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22 September 2011

"Oh, I've Got Reservations"

This year's London Film Festival programme went live a couple of weeks ago and as I find it hard to browse online, I wanted to wait until I received my print copy before I pored through and made my selections. As I only got the programme when I arrived back from New York on Sunday and as online booking for BFI members opened on Monday morning, I had to get my skates on. I decided that although there was no "killer film" that I was desperate to see this year, my top choices from among the gala screenings were The Ides of March and Anonymous, with The Descendants and We Need To Talk About Kevin in third and fourth place. I was also interested in seeing Like Crazy (which did well at Sundance) from the "Film on the Square" category and, despite crap films for the past two years, the Surprise Film.

I avoided the postal ballot this year after last year's fail where I didn't get any of the good tickets through the postal ballot and had to wait until long after online booking opened before I found out which tickets I had been allocated. And as always, the BFI website completely failed to cope with the traffic on Monday morning and even by the afternoon, it was still very crashy. All of the films I wanted to see appeared to be sold out, apart from Live Crazy, where I got to the stage of entering my payment details before the site crashed. Later, I got an email from BFI apologising for their annual inability to deal with LoFiFest traffic and telling me that a ticket had been held for me for the time when I tried to put the payment through; I just needed to pay for it.

I was glad to have booked at least one ticket but disappointed not to have secured one of my top four. When I spoke to BFI, they told me there wasn't much point checking back on the website for the fully-booked films until 7 October, when more tickets would be released. However, past experience told me to ignore that and to keep checking. Sure enough, this morning, there were tickets available for the opening nights of all four films I wanted to see and so I pounced. For finance reasons, I decided to stick to The Ides of March and Anonymous for now, as although I'd like to see all four at some point, these are the two for which I would most like to attend a gala screening and (hopefully) see the cast and crew.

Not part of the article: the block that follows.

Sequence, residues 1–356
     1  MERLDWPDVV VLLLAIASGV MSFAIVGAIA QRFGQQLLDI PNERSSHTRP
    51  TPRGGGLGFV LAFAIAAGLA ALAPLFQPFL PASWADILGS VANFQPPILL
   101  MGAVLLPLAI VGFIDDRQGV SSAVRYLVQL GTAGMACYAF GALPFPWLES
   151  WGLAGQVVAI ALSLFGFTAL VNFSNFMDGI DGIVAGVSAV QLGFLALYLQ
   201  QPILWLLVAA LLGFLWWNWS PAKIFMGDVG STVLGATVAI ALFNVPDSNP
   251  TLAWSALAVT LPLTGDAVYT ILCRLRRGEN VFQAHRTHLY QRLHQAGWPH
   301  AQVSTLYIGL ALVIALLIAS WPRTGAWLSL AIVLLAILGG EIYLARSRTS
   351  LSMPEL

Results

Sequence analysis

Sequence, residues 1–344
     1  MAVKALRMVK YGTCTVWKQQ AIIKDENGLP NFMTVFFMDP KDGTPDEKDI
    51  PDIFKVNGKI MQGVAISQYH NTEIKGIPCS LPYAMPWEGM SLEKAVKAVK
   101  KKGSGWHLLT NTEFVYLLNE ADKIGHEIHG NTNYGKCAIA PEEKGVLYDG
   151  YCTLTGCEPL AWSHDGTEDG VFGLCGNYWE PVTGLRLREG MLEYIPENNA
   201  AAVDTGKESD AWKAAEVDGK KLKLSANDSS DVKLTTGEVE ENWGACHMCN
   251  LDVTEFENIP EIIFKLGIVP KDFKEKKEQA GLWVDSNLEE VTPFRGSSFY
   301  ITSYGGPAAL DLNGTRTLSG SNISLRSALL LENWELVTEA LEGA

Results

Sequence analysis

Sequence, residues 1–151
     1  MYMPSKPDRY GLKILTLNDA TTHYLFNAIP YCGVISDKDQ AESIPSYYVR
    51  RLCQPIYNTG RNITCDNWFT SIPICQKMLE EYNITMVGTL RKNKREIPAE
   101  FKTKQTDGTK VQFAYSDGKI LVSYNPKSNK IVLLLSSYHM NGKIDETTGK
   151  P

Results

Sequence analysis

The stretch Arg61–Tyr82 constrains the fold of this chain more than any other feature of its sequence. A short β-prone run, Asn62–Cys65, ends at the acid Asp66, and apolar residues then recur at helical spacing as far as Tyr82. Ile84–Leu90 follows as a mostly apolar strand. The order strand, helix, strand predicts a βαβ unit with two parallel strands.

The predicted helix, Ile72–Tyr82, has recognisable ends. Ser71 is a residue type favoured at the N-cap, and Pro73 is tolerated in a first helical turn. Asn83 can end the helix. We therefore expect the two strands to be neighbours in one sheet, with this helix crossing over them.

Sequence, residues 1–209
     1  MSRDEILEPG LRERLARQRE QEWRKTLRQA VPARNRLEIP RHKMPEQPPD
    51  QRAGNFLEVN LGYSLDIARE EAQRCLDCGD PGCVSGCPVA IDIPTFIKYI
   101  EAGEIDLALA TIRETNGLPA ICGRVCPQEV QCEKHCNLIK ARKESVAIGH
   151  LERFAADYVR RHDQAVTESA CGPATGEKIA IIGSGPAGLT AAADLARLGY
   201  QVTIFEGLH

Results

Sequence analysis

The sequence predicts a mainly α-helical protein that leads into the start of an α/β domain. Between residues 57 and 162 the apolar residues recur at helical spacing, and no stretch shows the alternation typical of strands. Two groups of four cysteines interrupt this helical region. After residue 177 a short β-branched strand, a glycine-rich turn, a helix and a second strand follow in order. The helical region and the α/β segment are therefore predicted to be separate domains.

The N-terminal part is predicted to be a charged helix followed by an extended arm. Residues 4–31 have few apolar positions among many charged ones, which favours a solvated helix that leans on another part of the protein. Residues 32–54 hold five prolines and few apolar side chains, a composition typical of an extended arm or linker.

If a ticket pops up for the Surprise Film (or the free, members' version the following night), I might go for that too--it would be a case of third-time lucky for me, after the disappointments of Brighton Rock and Capitalism: A Love Story. It is the last year for Sandra Hebron, the Artistic Director of Festivals, to choose the surprise film and she has said that the pressure is on. I hope she gets it right this time and picks a) something that isn't a documentary and b) something really awesome, not just a dull and unnecessary remake.

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